Masterclass highlight: Avoiding mistakes when getting video quotations

This Business Video Masterclass page has proved popular, reflecting a wide concern for getting  quotations right among marketers and business owners, who aren’t necessarily experienced agency buyers.

It’s a considerable investment getting a new video, and there’s nothing worse than getting the wrong video as a final result.

By “wrong” I mean less effective than intended. Less results.

It’s not as if a new video will do you harm.

It’s more a wasted opportunity of money, time and lost profit if it doesn’t deliver results as planned, whether your objective is increased awareness, more leads, greater customer engagement, a winning presentation, or whatever target you determine is best for the business.

The problem of getting an effective actionable video starts when finding a video producer to give you a quote.

It could also be that you need a replacement producer for a current producer whose visual results may look okay, but aren’t really effective & actionable in the marketplace in the way you’d wished for.

Getting the right quotation needs a systematic approach.

In simple terms you need to pay the price you can afford to get the results you must-have with a video supplier you can collaborate with.

It’s an all-too-common story where you see a video style you like, then hire that producer, only to find that later, for whatever reason, your final video outcome wasn’t as effective as you expected.

Here’s my systematic approach in 5 parts:

1: Finding a producer

There are many types of video production company, marketing agencies and professional freelancers, all working in different countries.

Here’s a handy comparison between the main types of video company you’re likely to meet once you start searching for a supplier.

They’ll all have something to offer, depending on what you need, and how much of the work you’re going to do yourself, eg, writing a DIY script.

The secret is to start with a solid brief, with an indication of the style of video you’re looking for.

As a bonus, preparing a detailed brief will help you clearly understand your exact video objective. It’s not just for them.

Here’s a sample video brief you can borrow from.

2: Grading producers

Being able to tell producers apart, and seeing what each really has to offer can be tricky.

But you can immediately start identifying suitable candidates from the way they respond to your detailed brief.

Some don’t even read it, or at least not read it properly.

Others boast too much, while making your vital concerns seem small, or even ignoring them.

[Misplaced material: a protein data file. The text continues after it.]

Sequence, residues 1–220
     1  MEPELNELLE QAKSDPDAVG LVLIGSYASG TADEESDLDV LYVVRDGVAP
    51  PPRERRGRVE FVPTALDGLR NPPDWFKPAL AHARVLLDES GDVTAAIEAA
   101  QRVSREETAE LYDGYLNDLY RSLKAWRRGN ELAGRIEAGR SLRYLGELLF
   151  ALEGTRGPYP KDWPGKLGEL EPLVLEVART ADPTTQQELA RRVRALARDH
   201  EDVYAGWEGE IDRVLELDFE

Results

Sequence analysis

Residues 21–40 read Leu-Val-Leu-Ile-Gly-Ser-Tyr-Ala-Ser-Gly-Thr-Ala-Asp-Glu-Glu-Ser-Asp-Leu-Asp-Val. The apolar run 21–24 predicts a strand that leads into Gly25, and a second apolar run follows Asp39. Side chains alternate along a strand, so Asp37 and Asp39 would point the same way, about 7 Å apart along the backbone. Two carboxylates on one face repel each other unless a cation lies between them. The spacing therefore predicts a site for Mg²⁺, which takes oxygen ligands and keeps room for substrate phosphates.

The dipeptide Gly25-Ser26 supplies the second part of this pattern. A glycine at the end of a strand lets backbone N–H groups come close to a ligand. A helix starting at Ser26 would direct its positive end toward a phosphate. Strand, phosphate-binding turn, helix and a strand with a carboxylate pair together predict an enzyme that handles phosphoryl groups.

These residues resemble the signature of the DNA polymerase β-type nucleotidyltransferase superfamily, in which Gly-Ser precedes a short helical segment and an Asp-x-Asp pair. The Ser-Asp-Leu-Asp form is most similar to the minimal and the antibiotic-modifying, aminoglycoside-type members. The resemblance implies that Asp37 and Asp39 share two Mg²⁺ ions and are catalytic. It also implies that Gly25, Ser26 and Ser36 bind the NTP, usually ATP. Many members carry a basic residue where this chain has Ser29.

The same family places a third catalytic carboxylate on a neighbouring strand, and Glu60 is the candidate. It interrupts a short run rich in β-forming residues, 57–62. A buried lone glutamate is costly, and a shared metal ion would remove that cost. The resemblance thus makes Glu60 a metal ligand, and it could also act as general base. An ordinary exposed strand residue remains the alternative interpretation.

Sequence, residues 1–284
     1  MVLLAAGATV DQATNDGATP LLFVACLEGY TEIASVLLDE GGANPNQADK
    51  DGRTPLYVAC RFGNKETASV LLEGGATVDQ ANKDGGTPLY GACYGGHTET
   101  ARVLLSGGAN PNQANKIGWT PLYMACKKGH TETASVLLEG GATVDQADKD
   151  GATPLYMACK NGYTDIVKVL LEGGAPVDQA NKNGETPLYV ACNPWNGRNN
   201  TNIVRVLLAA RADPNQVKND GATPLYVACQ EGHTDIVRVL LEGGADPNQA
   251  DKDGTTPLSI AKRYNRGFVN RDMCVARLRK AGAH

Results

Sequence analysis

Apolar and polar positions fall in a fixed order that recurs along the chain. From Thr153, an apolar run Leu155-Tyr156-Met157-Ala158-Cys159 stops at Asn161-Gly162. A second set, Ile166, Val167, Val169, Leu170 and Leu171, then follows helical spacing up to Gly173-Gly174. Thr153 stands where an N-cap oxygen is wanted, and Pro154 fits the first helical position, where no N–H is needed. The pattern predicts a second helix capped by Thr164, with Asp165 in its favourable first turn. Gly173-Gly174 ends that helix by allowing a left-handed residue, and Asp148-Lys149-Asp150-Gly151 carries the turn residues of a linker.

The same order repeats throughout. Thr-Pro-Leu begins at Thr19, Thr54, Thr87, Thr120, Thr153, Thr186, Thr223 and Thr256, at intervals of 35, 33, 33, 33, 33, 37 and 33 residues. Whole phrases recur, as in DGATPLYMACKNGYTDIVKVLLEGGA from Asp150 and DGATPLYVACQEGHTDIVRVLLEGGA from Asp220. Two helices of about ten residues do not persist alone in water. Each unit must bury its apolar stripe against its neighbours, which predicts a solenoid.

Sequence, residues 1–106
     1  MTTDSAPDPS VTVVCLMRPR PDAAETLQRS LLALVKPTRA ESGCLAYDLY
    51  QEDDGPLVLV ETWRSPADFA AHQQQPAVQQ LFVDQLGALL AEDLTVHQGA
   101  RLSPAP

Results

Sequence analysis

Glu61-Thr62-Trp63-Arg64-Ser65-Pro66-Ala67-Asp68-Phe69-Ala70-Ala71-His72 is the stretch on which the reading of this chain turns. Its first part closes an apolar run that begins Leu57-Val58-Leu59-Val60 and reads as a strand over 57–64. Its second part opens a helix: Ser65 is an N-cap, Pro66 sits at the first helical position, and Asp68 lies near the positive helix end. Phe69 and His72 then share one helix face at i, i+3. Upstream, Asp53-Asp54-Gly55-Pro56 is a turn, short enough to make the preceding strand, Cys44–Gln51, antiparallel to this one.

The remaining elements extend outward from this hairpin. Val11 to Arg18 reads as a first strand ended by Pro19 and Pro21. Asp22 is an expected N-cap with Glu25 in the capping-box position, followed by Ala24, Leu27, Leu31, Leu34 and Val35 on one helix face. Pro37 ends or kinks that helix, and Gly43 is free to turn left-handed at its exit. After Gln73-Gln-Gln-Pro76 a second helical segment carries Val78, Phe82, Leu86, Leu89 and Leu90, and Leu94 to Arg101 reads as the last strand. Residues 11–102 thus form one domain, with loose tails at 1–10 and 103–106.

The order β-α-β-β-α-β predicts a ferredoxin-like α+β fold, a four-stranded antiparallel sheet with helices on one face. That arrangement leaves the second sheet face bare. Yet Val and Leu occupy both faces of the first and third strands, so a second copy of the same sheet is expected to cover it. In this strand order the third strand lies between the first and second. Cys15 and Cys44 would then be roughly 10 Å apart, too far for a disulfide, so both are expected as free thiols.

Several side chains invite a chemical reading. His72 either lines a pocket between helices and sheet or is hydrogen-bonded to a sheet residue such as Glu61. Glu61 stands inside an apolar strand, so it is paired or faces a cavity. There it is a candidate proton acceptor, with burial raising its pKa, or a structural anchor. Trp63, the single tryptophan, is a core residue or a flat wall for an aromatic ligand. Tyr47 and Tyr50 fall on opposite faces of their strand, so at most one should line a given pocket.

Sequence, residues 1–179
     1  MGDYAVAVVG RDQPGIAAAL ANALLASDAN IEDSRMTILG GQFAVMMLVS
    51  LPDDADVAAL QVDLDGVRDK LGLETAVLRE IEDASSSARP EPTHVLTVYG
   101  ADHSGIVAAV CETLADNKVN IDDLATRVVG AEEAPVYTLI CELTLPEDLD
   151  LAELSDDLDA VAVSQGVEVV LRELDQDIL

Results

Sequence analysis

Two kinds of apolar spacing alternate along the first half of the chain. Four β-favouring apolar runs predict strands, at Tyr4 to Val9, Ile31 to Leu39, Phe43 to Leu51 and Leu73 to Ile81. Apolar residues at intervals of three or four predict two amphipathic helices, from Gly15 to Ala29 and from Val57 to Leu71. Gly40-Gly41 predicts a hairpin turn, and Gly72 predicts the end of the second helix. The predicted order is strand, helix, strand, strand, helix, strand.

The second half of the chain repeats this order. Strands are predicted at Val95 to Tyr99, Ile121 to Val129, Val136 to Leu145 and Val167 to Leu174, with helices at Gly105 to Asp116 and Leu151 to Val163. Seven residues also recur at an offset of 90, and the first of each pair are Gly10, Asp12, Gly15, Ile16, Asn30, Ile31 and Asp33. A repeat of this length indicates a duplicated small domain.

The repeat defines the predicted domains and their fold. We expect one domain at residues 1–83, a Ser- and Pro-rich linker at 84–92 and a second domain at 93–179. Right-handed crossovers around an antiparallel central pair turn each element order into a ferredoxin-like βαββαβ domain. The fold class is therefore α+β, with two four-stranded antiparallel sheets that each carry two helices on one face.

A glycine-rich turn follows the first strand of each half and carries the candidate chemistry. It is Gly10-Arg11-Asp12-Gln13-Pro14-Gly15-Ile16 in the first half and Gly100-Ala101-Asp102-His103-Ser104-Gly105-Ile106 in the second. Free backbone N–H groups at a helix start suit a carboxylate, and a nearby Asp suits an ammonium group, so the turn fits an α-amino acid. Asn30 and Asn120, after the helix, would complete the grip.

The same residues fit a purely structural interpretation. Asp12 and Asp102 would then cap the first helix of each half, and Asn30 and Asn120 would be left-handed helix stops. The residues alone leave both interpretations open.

What you want to see is an understanding of your project, and some good ideas for bringing about its successful realization.

3: Understanding what you’re seeing

You’re looking for clear costings here as much as creativity.

Even if you’re offered a package you still want to know how costs are made up.

And not every company will want to be transparent about their cost breakdowns for your project.

You need to be smart with your money, and this doesn’t mean picking the cheapest.

You need to see exactly what you’re going to get, ie, how many hours, how many revisions, etc.

If you start by asking about Day Rates, everything else will tend to follow.

You see it’s hard to ask “how do I know my video will be as good as the sample you showed me.”

This is because there’s nothing measurable in any answer they give. It’s just a mixture of promises and look what we did for xyz company.

You’re inviting them to say “Trust me, I’m a producer”.

But asking for a Day Rate is a hard fact no one can dodge.

It helps to spearhead a broader, more useful dialogue.

4: Using technology

Since nobody buys from the business round the corner any more, communication during the project becomes critical.

Invite prospective video suppliers to explain how they communicate & collaborate during the project.

If they have a good system, they’ll want to show it off.

It’s important for you to understand that a technology-based communication & collaboration system is your lifeline once the project has started.

You’ll have market research, scripts, visual concepts, artwork, storyboards, voiceover, animation, editing and probably endless amends to discuss as the project progresses.

5: Comparing proposals

Fairly comparing video proposals can be difficult as they all look so different.

Common ground between them all will be day rate, number of hours, and number of revision steps, plus the amount of unique effort they put into their proposal.

You might have to dig a bit to work this out.

But if you do, you’ll be able to compare like for like.

And then you’ll be able to select the best video supplier from all your quotations.

Summary

If you follow these 5 steps you’ll get a more effective video for your budget.

If in doubt, hire slow.

It’s better to be systematic like an experienced professional video or agency buyer.

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